By on September 15th, 2013

 

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Fallow Deer on Housing Estate, by Jamie Hall.  Winner of the 2013 British Wildlife Photography Award, Urban Wildlife sector.         via independent.co.uk

This evocative photograph has been haunting me for days.  I see a stag, one or two other deer off to the left and possibly a fox on the right. A dog I assume would be pointed to bark away the deer. Meanwhile one window glows with electronic blue. Our media whisk us off to other lands and meanwhile we forget what early humans knew: other creatures surround us in the night.  Other minds and hungers, other senses and agendas.

You may recognize that I’m often struck by what goes on outside our ken, our awareness.  I’m boggled by the throbbing immensity that is a neighborhood behind its doors.  And by the busy universe wrapped in up its distances.   We can feel such emotions, we centers of reality.  Are we so unlike this squirrel evaluating the world beyond itself?

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From Once Upon a Home, National Geographic.  Photo by Kai Fagerström.     via nationalgeographic.com

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Here are other night views of swlf-directed wildlife in “our” environment.  The first four are by the Finnish Mikko Lagerstedt.   Via Behance.net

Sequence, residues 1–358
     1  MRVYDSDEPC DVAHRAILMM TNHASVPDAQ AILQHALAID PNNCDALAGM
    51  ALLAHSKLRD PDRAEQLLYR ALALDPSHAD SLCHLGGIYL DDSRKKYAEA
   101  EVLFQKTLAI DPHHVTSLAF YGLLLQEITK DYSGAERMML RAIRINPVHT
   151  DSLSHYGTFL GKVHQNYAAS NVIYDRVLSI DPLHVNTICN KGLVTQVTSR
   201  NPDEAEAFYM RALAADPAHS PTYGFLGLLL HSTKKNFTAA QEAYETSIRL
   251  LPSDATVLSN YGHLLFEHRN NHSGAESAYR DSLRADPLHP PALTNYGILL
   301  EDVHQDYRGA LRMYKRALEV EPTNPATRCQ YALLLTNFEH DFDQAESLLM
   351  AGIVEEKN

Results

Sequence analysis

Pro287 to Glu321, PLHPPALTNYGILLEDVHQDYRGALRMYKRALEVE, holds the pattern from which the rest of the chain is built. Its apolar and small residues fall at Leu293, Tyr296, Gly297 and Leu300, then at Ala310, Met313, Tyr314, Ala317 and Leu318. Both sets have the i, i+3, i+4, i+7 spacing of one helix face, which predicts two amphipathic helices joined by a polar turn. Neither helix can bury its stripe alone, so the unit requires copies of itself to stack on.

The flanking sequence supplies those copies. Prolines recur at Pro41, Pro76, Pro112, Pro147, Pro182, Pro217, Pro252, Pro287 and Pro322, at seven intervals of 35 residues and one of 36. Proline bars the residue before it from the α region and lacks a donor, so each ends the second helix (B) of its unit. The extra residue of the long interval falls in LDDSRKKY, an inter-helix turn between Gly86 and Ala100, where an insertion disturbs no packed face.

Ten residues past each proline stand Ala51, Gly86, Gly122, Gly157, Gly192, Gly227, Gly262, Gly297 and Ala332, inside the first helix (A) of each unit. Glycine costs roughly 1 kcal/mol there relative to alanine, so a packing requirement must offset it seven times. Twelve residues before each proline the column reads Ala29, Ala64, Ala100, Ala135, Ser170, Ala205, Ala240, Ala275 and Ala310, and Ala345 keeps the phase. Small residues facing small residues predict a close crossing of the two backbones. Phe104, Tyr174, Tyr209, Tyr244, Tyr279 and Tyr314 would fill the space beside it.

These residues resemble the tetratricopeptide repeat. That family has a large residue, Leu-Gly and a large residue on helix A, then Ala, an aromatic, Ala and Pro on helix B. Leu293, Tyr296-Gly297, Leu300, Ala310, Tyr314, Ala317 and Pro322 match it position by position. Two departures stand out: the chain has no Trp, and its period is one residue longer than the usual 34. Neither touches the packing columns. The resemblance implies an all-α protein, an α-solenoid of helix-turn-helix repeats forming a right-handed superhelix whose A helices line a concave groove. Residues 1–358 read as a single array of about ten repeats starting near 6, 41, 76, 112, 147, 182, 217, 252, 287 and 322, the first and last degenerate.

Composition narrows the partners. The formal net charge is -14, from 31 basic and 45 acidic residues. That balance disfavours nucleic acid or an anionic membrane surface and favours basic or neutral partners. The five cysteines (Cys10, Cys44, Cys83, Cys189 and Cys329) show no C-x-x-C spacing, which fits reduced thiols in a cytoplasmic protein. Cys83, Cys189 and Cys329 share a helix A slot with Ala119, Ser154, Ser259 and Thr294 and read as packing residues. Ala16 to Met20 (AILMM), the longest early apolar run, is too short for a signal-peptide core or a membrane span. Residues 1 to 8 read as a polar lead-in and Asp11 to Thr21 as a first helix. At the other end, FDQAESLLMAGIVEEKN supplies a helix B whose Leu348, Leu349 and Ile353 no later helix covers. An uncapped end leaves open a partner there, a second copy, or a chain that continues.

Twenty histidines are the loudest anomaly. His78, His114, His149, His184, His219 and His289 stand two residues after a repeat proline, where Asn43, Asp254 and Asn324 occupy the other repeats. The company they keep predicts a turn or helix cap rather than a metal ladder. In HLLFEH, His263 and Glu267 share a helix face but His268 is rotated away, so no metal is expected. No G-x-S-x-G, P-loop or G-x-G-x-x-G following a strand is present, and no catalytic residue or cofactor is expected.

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Peacock

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Peacock

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Horse

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Owl

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These are by Kai Fagerström again, also a Finn, who photographed wildlife taking over an abandoned house.  You’ll find information on his book at the bottom.  Via keepsmiling.

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Owl

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Raccoon

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Badgers

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Squirrel

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Not all of Fagerström’s are night-lit yet they they convey the strangeness of non-humans making their own sense of worlds human-built.

The unseen animals here are the photographers themselves.  They are a special breed, fascinated by the wildlife world and willing to be out in dead of night and in unsavory weather when the rest of us are toasting our toes at the fireplace or snoring in our beds.  Jamie Hall, Kai Fagerström and Mikko Lagerstedt went out carrying equipment and armed with optimism.  They stood vigils awaiting these random appearances.  Outside the circle of our campfires, other minds and hungers, other senses and agendas thrive.

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look further:

Jamie Hall

  • National plaudits for Norfolk photographers at the British Wildlife Photography Awards, by Chris Hill, Rural Affairs Correspondent here.

Kai Fagerström

  • Fagerström on The Photo Society
  • His 2010 book The House in the Woods is unavailable in English as I look today.  It was on Amazon yesterday.  In what I think is Finnish it’s available as Viimeiset vieraat: elämää autiotaloissa here.

Mikko Lagerstedt

Urban wildlife

  • Topic on Wikipedia
  • Urban Wildlife Institute at Lincoln Park Zoo here.
  • There are a multitude of organizations in the US, Britain and around the world that help injured and orphaned wild animals.  Search Google for a breed or a locale.
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